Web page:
18. Food stamps?!? Come. On! One thing this woman needs as much as food right now is her dignity!

    Unless you are absolutely starving, don't even think about it.
    What kind of work is your husband in?
    What other skills does he posses?
    What about you? You could work part time while he takes a turn looking after the kids.
    Don't sell your soul to the welfare state!

    Help them help themselves - Geez people!!! Walk the talk!

    1. I'm the other "Anonymous 4:06 P.M.", and I agree with you. There is a lot we can do OURSELVES without having to resort to food stamps. During the deep recession I described living through as a young woman with a family, it never occurred to me to seek food stamp help. Was there even a program then? If there was, most people didn't know about it or even consider it. It just wasn't an idea we entertained.

      Now, if you get to the point where you truly CANNOT feed your kids, after doing everything in your power to feed them basic foods, then by all means seek the help that is available to you. But there is usually a LOT we can sacrifice before we are forced to sacrifice our dignity.

  19. If you don't already cook from scratch or even know how, a good place to find basic, simple, low-cost recipes is your local farm extension office. I found these while looking for something else at my state's local extension websites. Example: Family Nutrition Program Milk & Eggs Basic Recipes; Cabbage & Potatoes Basic Recipes.

    I am old enough to endured the very deep recession of the late 1970's and early 80's, and we ate potato soup one day, beans & cornbread the next. Once in a while we would fry potatoes with the beans & cornbread. There was very little meat & cheese, but we could manage once in a while. Gve you kids oatmeal for breakfast and applesauce for fruit. Both of those food items are cheap.

    Save electricity by waiting to do bigger loads and stop using the dryer. Hang out to dry if you can or inside on hangers and racks. If you don't have drying racks, put broom & mop handle over two chairs and gerry rig some or hang clothes on hangers on the shower curtain rack.

    Cut utilities where you can: wear sweaters and heavy socks in the house and cut back the temp. Put more blankets on at night. Cut off cable, cut off any telephones you are not using -maybe a landline, etc. And, I hate to say it, 'cause the Internet is so doggone helpful, but maybe that will have to go, too.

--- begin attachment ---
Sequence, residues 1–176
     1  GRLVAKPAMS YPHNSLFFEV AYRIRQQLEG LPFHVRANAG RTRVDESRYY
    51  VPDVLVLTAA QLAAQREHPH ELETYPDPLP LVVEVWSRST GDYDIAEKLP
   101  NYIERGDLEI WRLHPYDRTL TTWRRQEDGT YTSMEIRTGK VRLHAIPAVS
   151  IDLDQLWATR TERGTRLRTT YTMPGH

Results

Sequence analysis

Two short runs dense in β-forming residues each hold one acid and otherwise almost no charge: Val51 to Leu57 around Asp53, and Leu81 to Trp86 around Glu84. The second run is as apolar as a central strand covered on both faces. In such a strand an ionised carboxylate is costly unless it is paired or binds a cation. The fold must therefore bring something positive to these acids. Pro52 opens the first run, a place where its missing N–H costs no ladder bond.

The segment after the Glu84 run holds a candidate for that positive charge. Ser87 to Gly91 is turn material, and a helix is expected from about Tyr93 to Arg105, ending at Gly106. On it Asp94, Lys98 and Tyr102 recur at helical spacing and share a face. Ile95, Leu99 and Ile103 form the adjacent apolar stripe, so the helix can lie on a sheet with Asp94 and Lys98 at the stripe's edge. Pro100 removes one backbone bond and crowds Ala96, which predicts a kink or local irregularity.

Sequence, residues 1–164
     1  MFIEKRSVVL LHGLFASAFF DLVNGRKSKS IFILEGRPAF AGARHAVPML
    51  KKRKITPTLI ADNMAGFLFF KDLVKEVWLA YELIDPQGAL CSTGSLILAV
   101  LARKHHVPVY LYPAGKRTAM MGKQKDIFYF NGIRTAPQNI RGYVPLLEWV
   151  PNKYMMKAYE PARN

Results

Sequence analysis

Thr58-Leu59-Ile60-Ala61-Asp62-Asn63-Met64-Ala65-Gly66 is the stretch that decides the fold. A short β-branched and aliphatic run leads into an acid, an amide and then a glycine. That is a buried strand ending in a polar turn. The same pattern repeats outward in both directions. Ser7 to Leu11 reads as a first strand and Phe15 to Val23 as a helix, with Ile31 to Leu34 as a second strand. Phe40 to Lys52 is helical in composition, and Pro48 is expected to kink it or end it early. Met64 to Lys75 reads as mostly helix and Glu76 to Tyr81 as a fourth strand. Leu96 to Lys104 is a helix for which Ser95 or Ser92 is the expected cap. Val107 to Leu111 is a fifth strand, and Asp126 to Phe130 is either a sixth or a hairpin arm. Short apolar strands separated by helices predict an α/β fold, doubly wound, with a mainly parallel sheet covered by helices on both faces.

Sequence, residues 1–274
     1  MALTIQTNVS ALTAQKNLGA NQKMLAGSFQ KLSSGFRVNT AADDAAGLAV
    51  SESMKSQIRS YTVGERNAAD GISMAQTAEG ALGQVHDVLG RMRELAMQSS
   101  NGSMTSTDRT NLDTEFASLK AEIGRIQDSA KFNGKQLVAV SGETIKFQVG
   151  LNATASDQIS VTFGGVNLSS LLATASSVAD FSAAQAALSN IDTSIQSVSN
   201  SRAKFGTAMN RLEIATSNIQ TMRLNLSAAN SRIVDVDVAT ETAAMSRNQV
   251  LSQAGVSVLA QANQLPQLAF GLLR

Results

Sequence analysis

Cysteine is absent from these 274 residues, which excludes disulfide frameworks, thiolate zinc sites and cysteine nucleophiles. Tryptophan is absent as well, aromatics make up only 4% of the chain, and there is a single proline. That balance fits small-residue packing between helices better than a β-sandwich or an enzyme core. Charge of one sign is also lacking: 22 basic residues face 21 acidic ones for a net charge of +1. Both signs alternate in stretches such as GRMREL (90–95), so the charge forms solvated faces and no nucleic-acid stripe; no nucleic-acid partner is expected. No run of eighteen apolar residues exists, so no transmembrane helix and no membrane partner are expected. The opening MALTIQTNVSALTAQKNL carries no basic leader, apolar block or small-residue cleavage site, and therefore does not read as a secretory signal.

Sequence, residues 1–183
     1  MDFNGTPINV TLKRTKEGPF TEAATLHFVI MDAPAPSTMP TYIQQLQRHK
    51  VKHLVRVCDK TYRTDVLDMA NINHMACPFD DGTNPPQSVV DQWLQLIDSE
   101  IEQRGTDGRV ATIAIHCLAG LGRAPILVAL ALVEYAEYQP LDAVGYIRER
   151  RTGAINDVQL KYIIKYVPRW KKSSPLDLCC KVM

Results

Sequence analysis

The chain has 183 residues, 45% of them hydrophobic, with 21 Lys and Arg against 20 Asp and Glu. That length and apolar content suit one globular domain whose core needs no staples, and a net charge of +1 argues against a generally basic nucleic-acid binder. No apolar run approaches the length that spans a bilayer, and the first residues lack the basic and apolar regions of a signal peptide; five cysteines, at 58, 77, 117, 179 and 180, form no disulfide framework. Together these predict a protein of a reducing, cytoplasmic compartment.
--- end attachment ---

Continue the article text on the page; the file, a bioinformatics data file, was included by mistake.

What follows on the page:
Yes, by all means think about what you can afford to get rid of and sell it on Craig's List or somewhere. have a yard sale.

    As others have indicated, take a deep breath and TRY not to panic. Sit down as a family and without scaring the little ones to death, have a discussion about how you are going to make do and cut expenses during this trying time. Let everyone give you ideas and tell how they think they can contribute, and they will be stirred to use their creativity to help the family.

    Good luck to you and most of all, God Bless you and your family.

  20. If you are in an area that has Dollar General stores, apply there. They are always looking for help at all levels.

  21. A neighbor down the street from us lost his job last year. He ended up working the overnight shift at Wal-Mart, and opening at McDonalds for six months until another job came through. It kept a roof over their heads.

    Like others have said, Food Bank, Food Stamps, and Unemployment. Talk to the school counselor about your situation. Your information will be held in the strictest confidence, but they can and do help people every single day... and they have the community connections to get you the quiet help that you need. (Free lunch and breakfast, among other things.)

  22. Phyllis (N/W Jersey)October 8, 2012 at 4:27 PM

    Right now, it's a family emergency. All are going to have to pitch in until things get better. Cut the cable. Hard, but must be done. Collect what you don't need around the house and sell them. Shop flyers for the best deals on food and use coupons. Mashed or baked potatoes make every meal seem bigger. Add potato flakes and oatmeal to hamburgers and meat loaf. All that rice that you have will make some wonderful stir-fry meals. Don't buy prepared foods - it's a waste of money. Cheaper cuts of meat cooked in a crock pot come out nice and tender. Our local grocery store puts out deeply discounted vegetables. There is nothing wrong with them except maybe a bruise or two. Please do check in at your local food bank. Don't be ashamed-that's why it is there. When you are back on your feet, you can repay them with volunteer service. This will help out someone who is in the same boat you were once in. Offer to babysit a working neighbor's children. Or offer to do housework for a few hours a week. County services will also help you get over the rough spots. They have many contacts that will give you aide or help with finding someone who can.
    Now is the time to get the entire family working together. If you have little ones, let them earn a sticker for every time they turn off the lights or not let the water run. First one to collect 25 or 50 stickers gets a special treat. Make up games for ways to save on energy and food.